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Making golf great (fun) again

We wander Trump International Golf Club Dubai with delighted designer Gil Hanse

You’ll struggle to find Gil Hanse happier than when he’s at the controls of an earthmover.

“That’s my office,” the critically acclaimed golf course architect says. “You can kinda get in there, put music on and just get creative. It gets back to the F word…it’s fun.”

If there is a close second on the job satisfaction scale, it’s moments like the evening last month when Hanse walked Trump International Golf Club Dubai with superintendent Ben Griffiths, chipping and putting the immaculate surfaces he envisaged when he started bulldozing his computer generated design into life in mid 2014.

To suggest the American is proud of the grassy final coat Griffiths and his team have put on his rustic, links-style layout is like suggesting the controversial character with his name on the gate has shaken up the political establishment – something of an understatement.

The 16th hole (Photo: Kevin Murray)

The 16th hole (Photo: Kevin Murray)

“When you are building and you have the superintendent on site, you talk an awful lot about the way you’d like to see it, the density of the native vegetation, how it’s going to play, firm and fast running shots etc.,” Hanse said. “And when you come back and see he was actually listening to everything we said and he nailed it, that’s a great feeling. I couldn’t be more delighted with the way it has turned out.”

For the golf geek, an audience with the genial Hanse is delightful too. Exploring the American’s design philosophy is to metaphorically stroll ancient links land and reminisce revered names.

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You learn Hanse followed Tom Doak in winning a scholarship from Cornell University to enhance his studies offshore for a year. With wife Tracey in tow, Hanse split that formative 12 months between St. Andrews and Oxford, entering notes and sketches of holes from road trips across the UK and Ireland into the smartphone of the day, a little notebook. While Harry Colt and Donald Ross have his upmost admiration, he draws his greatest inspiration from legendary Alister MacKenzie because of the doyen’s ability to find the sweet spot between “strategy and aesthetics”.

Of his modern day contemporaries, Bill Coore and Ben Crenshaw take some beating.

“Every time I look at their work, I am amazed at how good they are, the level of detail and the level of quality is just exceptional, every single time. They’re just relentlessly good at everything they do.”

History, as much as memberships sold and repeat green fee business, will be the ultimate judge of Hanse’s latest creation which serves as a microcosm of a lifetime devoted to the art.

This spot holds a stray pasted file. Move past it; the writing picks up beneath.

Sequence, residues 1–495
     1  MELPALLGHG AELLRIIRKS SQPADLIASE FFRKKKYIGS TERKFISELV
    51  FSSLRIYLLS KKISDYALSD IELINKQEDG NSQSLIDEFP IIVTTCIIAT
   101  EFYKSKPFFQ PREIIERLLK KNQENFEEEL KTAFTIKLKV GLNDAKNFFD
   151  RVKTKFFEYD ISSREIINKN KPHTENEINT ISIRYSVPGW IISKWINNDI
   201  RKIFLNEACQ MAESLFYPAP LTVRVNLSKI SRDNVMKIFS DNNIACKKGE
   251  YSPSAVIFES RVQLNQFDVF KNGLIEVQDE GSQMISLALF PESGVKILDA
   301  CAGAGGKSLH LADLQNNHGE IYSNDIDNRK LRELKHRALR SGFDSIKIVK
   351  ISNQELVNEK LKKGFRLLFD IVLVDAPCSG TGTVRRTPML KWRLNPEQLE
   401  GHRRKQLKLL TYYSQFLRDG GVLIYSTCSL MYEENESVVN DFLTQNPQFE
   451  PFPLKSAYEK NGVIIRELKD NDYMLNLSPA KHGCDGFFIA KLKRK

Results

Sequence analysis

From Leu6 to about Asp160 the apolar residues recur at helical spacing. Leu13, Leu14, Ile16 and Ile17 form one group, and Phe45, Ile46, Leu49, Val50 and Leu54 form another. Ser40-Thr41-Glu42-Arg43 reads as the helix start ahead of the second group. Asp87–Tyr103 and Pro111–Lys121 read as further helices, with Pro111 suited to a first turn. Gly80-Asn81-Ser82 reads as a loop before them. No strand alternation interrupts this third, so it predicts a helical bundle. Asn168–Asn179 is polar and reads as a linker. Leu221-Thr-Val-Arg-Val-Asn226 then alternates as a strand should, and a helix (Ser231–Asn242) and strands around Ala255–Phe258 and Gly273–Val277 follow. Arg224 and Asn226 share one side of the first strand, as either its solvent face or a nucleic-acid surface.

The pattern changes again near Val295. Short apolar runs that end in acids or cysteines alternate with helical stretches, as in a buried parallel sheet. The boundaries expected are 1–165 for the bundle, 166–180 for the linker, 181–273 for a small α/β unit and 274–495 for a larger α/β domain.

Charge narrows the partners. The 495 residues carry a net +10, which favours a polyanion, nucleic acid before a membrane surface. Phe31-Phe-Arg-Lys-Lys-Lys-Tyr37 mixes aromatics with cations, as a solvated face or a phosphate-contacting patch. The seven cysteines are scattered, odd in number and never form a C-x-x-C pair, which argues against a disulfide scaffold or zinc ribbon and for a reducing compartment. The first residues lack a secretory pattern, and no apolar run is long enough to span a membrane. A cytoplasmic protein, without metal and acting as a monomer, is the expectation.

He is the first to admit his generation hasn’t always got modern golf architecture right, a foolhardy obsession with “championship” course design (read difficult, lengthy layouts designed to counter the advances in ball and club technology but forgetting most amateurs still own awful swings) being the main culprit.

“I dunno what data you need to point to but there is no argument, the game isn’t growing. I think we need to take some of the responsibility of trying to promote the game, trying to make it more playable, more enjoyable,” Hanse says.

If we can build courses that are perceived to be fun and actually are fun, that’s a great accomplishment.” -Gil Hanse

It looks like mission accomplished at Trump International GC Dubai which, with no discernable rough and few bunkers, presents as eminently playable yet promises to test the short game imagination of even low markers.

It’s easy on the eye too despite being framed, rather challengingly from an aesthetics standpoint, by a mammoth real estate project. The tee boxes merge seamlessly into generous fairways which in turn take their tumbling and creased cue for ancient UK influences and look best with a touch of early morning or late afternoon shadow.

The 11th hole (Photo: Kevin Murray)

The 11th hole (Photo: Kevin Murray)

The tightly clipped Tifgrand Bermuda grasses around the Tifeagle Bermuda greens will be a lure to lovers of links golf, affording bump and run artistry which isn’t an option elsewhere in the Middle East. Better still, the layout has been designed to allow golfers to do something really novel for this region…walk when the mercury allows.

Hanse rewinds to the construction of Castle Stuart in Scotland and words of wisdom shared by co-designer Mark Parsinen.

“Mark always talked about course design from the vantage point of the third shot of the average golfer [on a par 4] and the two words he used are ‘hopeful’ and ‘engaged’,” Hanse said. “If they’re always in their pocket [for a new ball] or in a bunker or in the water and they’ve got no hope of recovery, then they are tuned out. “From that perspective, that short grass around the greens here really gives you the opportunity to feel hopeful and feel like you are going to hit a fun shot.”

Perhaps the greatest compliment Hanse has received thus far came from Craig Waddell. Trump Dubai’s Director of Golf, who reckons many holes look like they had been in play for generations rather than months. It’s a fair analysis.

To coin a phrase from U.S. President elect Trump, Hanse is on a mission to make golf great fun again. His latest creation in Dubai surely looks a step in the right direction.

(Main photo: John Marshland)

Kent Gray

Editor of Golf Digest Middle East. Has written about golf since 1989 and owned a suspect short game even longer.

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